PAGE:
Pozniak v. Royal Oak, City of et al
ORDER granting 43 Motion for Summary Judgment. Signed by District Judge Denise Page Hood. (CGre)
UNITED STATES DISTRICT COURT EASTERN DISTRICT OF MICHIGAN SOUTHERN DIVISION PAUL POZNIAK, Plaintiff, v. Civil Action No. 06-15709 HONORABLE DENISE PAGE HOOD UNITED STATES DISTRICT COURT
CITY OF ROYAL OAK, OFFICERS WILLIAM SAWYER, D. SCHER, BARRON, LAVIN, C. SZYDLOWSKI, WEIPPERT, and OFFICERS JOHN DOE; OAKLAND COUNTY, DEPUTY PATRICK WEIR, DEPUTY ROBERT DECKER, DR. PHILIP DUROCHER and OAKLAND COUNTY EMPLOYEES JOHN DOE Defendants. _________________________________________/ ORDER GRANTING DEFENDANTS' MOTION FOR SUMMARY JUDGMENT [DOCKET NO. 43] I. INTRODUCTION This matter is before the Court on Defendants' Motion for Summary Judgment [Docket No. 43, filed February 19, 2008]. Plaintiff filed a Response to Defendants' Motion for Summary Judgment [Docket No. 52, filed March 12, 2008] to which Defendants filed a Reply [Docket No. 54, filed March 21, 2008]. II. STATEMENT OF FACTS This case arises out of the arrest and detainment of Plaintiff Pozniak for driving under the influence of alcohol, and obstructing and resisting Royal Oak Police, on January 15, 2006. On December 26, 2006, Plaintiff brought an action in alleging violations of 42 U.S.C. § 1983, the Fourth, Fourteenth, and Eighth Amendments of the United States Constitution, as well as 1
Intentional Infliction of Emotional Distress and Gross Negligence under Michigan law. Around 2:00 a.m., Plaintiff was stopped by Defendant Royal Oak Officers for operation of a vehicle under the influence. Plaintiff admits that he was drunk and had consumed between eight and ten drinks the night of the incident. (Def. Motion for Sum. Judgment, Ex. 1, Pl.'s Dep., at 25). While the police were administering sobriety tests, Plaintiff fled from the scene and Defendant Officers were forced to chase Plaintiff and detain him. (Id. at 27). Plaintiff claims his knee was injured after Defendant Officers chased and while they restrained him. (Id.). Plaintiff was thereafter transported to the Defendant City of Royal Oak Police Station and was charged with an OUIL, as well as resisting and obstructing a police officer. Plaintiff claims that he walked with a visible limp, that he indicated to the Defendant Officers that his knee was injured and that he wore shorts which would have revealed the full extent of the injury while incarcerated for the period in question. (Id.). Plaintiff admits the following concerning the time of booking: his knee was not bleeding; he was wearing long pants; he never complained to Defendant Officers that his knee was allegedly swollen; and he never showed his knee to the Defendant Officers. (Id. at 31-32). Plaintiff also allegedly signed a form indicating that he was not claiming any injury or requesting medical attention, although Plaintiff casts doubt on the signing of any such form, as well as the Defendants' reliance on the form as they claim Plaintiff would still have been drunk at the time of signing. (Def. Motion for Sum. Judgment, Ex. 2, Supervisor's Observation Report). On January 17, 2006 around 6:00 p.m., Plaintiff was removed from the Royal Oak Police Station and transported to the Oakland County Jail. Upon release from the Oakland County Jail, Plaintiff alleges that he underwent many surgeries, including arthroscopic surgery on his left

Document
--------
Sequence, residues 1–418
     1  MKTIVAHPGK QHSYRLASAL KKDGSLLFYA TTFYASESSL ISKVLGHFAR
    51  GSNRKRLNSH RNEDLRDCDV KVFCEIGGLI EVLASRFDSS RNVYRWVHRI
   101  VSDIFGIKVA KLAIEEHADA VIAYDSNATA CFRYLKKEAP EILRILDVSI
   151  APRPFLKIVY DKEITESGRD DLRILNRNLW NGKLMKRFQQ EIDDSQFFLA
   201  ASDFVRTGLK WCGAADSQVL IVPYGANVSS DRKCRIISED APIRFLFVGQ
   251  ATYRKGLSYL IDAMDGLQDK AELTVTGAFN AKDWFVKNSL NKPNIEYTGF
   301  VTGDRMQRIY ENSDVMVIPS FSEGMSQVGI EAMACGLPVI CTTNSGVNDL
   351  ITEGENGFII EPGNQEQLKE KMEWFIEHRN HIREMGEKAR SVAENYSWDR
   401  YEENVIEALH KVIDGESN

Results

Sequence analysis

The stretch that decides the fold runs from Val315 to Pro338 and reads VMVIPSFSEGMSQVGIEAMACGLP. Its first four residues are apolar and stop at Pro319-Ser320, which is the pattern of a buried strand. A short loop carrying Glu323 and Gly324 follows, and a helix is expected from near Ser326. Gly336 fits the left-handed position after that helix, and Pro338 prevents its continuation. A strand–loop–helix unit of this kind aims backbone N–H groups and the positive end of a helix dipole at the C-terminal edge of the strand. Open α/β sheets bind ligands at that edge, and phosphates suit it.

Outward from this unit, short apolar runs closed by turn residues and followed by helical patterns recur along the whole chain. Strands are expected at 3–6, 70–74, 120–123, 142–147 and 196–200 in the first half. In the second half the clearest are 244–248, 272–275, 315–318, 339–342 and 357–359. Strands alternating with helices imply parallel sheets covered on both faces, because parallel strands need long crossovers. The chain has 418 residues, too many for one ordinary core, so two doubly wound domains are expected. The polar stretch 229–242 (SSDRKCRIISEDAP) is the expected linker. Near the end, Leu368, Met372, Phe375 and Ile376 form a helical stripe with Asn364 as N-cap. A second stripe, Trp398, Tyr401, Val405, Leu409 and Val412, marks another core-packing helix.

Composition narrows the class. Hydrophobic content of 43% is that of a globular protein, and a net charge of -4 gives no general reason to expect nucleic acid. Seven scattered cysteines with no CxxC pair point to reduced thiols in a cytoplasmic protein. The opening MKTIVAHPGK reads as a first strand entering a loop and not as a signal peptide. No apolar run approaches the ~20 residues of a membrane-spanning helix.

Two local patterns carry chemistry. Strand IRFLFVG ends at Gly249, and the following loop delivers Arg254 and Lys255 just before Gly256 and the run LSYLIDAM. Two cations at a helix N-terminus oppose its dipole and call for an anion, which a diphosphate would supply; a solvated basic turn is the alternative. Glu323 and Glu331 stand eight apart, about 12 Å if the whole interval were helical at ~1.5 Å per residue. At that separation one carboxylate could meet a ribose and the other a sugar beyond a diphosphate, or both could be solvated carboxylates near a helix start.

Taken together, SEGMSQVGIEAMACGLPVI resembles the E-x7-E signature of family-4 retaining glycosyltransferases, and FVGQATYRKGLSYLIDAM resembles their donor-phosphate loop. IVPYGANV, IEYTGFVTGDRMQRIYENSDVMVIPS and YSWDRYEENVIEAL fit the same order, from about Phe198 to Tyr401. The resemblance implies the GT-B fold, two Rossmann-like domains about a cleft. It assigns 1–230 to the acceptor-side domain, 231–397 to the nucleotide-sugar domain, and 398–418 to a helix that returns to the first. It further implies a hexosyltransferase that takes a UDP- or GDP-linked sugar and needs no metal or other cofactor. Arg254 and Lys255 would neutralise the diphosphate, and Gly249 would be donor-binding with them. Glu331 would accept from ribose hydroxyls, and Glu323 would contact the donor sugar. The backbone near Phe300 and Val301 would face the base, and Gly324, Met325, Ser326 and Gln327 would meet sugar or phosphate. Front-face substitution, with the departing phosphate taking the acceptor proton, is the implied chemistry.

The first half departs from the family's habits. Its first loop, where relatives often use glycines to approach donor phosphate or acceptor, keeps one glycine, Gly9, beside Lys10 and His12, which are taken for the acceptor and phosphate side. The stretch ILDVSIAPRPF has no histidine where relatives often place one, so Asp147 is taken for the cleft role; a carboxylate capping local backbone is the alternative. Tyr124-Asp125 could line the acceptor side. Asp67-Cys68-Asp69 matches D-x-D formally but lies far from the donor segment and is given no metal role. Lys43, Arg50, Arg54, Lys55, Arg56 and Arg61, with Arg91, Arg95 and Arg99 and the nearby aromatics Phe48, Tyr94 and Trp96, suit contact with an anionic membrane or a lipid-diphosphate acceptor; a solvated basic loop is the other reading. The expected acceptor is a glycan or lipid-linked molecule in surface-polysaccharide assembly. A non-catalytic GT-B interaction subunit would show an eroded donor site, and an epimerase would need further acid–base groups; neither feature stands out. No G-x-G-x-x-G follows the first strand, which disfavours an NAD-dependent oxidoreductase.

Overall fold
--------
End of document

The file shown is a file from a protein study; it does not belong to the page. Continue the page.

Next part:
knee in 1999 or 2000. (Def. Motion for Sum. Judgment, Ex. 1, at 14, 24). On January 31, 2006, two weeks after leaving Defendant Royal Oak custody an examination showed damage to Plaintiff's knee, and Plaintiff underwent surgery the following day. (Id. at 44). Plaintiff admits that no doctor or medical professional has stated that his injury was worse due to any alleged delay, or that he was inadequately treated. (Id. at 39, 55-56). III. LEGAL STANDARD Under Fed. R. Civ. P. 56, summary judgment is to be entered if the moving party demonstrates there is no genuine issue as to any material fact. The Supreme Court has interpreted this to mean that summary judgment should be entered if the evidence is such that a reasonable jury could find only for the moving party. Anderson v. Liberty Lobby, Inc., 477 U.S. 242, 249 (1986). The moving party has "the burden of showing the absence of a genuine issue as to any material fact." Adickes v. S.H. Kress & Co., 398 U.S. 144, 157 (1970); see also Lenz v. Erdmann Corp., 773 F.2d 62 (6th Cir. 1985). In resolving a summary judgment motion, the Court must view the evidence in the light most favorable to the non-moving party. See Duchon v. Cajon Co., 791 F.2d 43, 46 (6th Cir. 1986); Bouldis v. United States Suzuki Motor Corp., 711 F.2d 1319 (6th Cir. 1983). But as the Supreme Court wrote in Celotex Corp. v. Catrett, 477 U.S. 317, 322-23 (1986): [T]he plain language of Rule 56(c) mandates the entry to summary judgment, after adequate time for discovery and upon motion, against a party who fails to make a showing sufficient to establish the existence of an element essential to that party's case, and on which that party will bear the burden of proof at trial. In such a situation, there can be "no genuine issue as to any material fact," since a complete failure of proof concerning an essential element of the nonmoving party's case necessarily renders all other facts immaterial. The moving party is "entitled to a judgment as a matter of law" because the nonmoving party has failed to make a sufficient showing on an essential element of her case with respect to which she has the burden of proof. 3